AKT have just released findings from two studies showing the cost of LGBTQ+ youth homelessness to society and the nature of the interaction between LGBTQ+ young homeless people and mainstream service providers.

This new evidence comes three years after AKT’s ground-breaking report which identified that up to 24% of young people at risk of homelessness identify as LGBT with 77% citing familial rejection and abuse after coming out as the primary cause.* 

AKT are acutely aware of the personal and emotional impact of homelessness on the lives of the LGBTQ+ young people they support.

However, in their latest study, conducted by Dr. Jason Schaub, they re-examined previously published estimates of the annual economic cost of homelessness per person.

These estimates vary from £19-43,000 and these studies do not include additional issues associated with LGBTQ+ young people who are homeless or are at risk of homelessness. These include costs related to HIV and increased mental health needs. AKT’s study considered these additional costs to create a more complete estimate for a LGBTQ+ young person at risk of homelessness at first month, one year and over a lifetime.

The result suggests that the annual cost per person is £44,812.

AKT’s second study, also by Dr. Schaub, surveyed mainstream homelessness service providers across three regions. The findings suggest that young people are unwilling to use some services or disclose their identity for fear they will experience homo/transphobia.

The survey also suggests that almost half (42%) of the services are not recording sexual identity information, and a third (35%) are not recording gender identity information.

Most respondents were uncertain about where to direct an LGBTQ+ young person for appropriate support and they made repeated requests for additional training and LGBTQ+-specific services. Additional recommendations from the report include:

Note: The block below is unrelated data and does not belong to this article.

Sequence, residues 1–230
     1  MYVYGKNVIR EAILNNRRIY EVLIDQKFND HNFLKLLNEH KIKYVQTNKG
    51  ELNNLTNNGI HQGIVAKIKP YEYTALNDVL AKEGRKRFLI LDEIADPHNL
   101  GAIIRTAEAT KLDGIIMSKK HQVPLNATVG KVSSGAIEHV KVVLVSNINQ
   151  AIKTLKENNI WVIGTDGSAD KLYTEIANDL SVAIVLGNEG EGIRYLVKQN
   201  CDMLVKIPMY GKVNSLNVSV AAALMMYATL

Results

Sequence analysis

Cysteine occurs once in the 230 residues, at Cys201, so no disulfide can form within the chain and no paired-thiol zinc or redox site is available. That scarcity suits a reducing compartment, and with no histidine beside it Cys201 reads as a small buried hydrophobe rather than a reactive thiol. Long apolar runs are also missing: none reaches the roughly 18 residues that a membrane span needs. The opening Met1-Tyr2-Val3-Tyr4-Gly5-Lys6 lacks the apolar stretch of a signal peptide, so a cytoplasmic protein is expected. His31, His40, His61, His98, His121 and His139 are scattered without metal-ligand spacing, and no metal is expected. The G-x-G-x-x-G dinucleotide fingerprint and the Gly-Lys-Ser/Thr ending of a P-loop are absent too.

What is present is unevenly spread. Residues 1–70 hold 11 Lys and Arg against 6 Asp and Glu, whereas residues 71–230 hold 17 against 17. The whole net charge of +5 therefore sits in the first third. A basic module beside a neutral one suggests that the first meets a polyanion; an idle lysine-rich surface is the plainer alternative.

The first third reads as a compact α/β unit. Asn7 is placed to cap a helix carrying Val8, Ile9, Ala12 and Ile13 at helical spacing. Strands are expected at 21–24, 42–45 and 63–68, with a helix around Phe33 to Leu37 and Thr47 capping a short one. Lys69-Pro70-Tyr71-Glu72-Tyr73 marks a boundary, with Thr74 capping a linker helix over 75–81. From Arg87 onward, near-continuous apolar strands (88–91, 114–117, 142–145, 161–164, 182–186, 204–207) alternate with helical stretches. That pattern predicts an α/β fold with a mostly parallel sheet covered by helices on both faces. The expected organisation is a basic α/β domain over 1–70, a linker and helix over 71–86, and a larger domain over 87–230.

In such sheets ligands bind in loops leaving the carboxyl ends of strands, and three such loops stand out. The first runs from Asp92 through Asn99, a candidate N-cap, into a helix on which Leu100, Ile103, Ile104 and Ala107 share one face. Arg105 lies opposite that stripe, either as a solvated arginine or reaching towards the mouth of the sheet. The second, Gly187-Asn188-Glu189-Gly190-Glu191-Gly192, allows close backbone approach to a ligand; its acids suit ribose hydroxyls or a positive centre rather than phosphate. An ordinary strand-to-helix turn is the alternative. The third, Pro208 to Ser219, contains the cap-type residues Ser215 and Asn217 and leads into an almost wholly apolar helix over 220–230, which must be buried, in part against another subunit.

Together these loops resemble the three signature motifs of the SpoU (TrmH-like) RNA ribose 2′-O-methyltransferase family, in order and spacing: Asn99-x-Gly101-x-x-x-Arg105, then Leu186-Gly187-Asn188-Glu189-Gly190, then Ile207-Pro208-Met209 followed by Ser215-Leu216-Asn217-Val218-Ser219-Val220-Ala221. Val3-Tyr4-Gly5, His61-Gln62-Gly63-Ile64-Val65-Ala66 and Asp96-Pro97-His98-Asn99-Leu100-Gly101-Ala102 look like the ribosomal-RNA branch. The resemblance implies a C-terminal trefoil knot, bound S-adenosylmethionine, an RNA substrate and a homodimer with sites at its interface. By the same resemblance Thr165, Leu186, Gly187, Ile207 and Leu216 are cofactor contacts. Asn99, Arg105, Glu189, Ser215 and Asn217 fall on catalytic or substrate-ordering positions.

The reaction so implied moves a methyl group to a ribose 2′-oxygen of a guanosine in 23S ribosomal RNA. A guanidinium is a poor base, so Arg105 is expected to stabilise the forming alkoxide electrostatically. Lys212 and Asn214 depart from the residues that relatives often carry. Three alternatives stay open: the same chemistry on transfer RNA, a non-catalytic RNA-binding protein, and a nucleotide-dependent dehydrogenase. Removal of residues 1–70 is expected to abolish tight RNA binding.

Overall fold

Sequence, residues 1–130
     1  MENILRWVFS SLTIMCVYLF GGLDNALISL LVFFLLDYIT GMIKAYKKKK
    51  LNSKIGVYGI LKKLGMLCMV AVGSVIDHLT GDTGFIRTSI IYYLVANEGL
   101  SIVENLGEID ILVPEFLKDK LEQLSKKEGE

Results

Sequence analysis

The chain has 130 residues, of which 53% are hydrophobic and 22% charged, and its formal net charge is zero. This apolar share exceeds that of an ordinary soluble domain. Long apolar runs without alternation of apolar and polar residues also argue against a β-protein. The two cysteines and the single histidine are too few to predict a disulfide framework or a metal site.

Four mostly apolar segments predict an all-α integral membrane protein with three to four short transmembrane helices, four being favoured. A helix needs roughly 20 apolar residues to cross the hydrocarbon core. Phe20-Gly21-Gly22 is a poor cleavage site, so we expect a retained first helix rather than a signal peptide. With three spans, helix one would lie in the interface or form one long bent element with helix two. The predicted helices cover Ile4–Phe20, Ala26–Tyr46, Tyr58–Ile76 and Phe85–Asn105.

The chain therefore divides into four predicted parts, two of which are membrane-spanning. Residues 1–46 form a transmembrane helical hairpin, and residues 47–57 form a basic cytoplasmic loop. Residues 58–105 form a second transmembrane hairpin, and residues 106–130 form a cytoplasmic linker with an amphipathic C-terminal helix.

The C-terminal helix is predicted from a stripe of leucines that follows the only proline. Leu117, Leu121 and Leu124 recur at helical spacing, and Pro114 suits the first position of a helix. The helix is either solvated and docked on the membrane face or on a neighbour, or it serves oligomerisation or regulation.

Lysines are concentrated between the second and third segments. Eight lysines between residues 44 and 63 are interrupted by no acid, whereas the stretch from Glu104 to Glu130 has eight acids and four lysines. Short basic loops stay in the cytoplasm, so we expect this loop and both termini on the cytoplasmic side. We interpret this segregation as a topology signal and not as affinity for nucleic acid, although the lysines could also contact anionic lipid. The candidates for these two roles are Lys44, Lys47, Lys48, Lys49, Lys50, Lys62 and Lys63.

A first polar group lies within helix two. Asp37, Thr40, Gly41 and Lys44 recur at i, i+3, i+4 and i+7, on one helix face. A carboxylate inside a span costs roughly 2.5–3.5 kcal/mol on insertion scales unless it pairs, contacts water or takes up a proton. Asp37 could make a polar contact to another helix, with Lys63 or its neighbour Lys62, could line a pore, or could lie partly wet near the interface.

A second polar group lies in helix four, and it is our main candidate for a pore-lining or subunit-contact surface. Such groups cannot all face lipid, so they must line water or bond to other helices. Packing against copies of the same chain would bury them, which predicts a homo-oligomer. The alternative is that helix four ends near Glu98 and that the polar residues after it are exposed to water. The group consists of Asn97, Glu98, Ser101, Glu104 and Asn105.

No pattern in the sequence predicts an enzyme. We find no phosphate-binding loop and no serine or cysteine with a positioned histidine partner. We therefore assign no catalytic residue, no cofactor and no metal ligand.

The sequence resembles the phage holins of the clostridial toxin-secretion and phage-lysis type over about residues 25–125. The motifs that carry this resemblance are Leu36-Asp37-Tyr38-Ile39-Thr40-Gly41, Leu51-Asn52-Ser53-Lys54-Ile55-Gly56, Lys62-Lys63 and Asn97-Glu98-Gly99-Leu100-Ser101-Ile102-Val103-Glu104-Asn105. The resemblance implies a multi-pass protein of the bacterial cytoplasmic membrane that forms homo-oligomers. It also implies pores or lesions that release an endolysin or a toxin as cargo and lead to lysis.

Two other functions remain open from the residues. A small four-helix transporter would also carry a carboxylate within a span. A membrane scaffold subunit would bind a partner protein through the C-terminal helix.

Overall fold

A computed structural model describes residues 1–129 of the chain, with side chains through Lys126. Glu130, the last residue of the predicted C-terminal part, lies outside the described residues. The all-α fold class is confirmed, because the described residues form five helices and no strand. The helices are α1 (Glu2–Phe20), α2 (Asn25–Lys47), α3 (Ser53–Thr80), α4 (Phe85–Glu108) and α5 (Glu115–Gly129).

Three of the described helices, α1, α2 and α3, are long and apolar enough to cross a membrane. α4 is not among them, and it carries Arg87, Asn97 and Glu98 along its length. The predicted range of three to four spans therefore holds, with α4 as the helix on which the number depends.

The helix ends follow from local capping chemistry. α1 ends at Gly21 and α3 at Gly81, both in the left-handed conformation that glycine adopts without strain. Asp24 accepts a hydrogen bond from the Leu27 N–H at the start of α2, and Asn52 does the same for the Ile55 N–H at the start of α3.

• LGBTQ+ specific services are recommended, with services that are able to be young people-specific. 
  • Trans young people are particularly vulnerable, and require services that are sensitive to their needs
  • Intensive and ongoing support from a specialist worker is a highly effective intervention to reduce homelessness 
  • It is likely that young LGBTQ+ people are less likely to rely on wider family and community supports, out of fear of rejection or abuse

 Tim Sigsworth, Chief Executive of AKT said:

“We already know that LGBTQ+ youth are over represented amongst those at risk of homelessness and with our latest study it is critical that they do not remain invisible when mainstream providers deliver services, identify priority needs or plan provision. We are therefore calling for mandatory monitoring of gender and sexual orientation by public / publicly commissioned homelessness services nationally to better understand and be able to meet these unmet needs.” 

Tim Sigsworth continued: “We believe that while a strong focus on rough sleeping initiatives is extremely important, if we are to provide a sustainable solution to the issue of rising homelessness we need a complimentary focus on prevention and early action. AKT’s Purple Door emergency housing project and our digital support services - which reach young people just before or at the point of crisis, are examples of approaches which could be taken to significantly reduce the public health and welfare costs of medium to long term homelessness.”

*LGBT Youth Homelessness: A UK National Scoping of Cause, Prevalence and Outcome, The Albert Kennedy Trust, 2015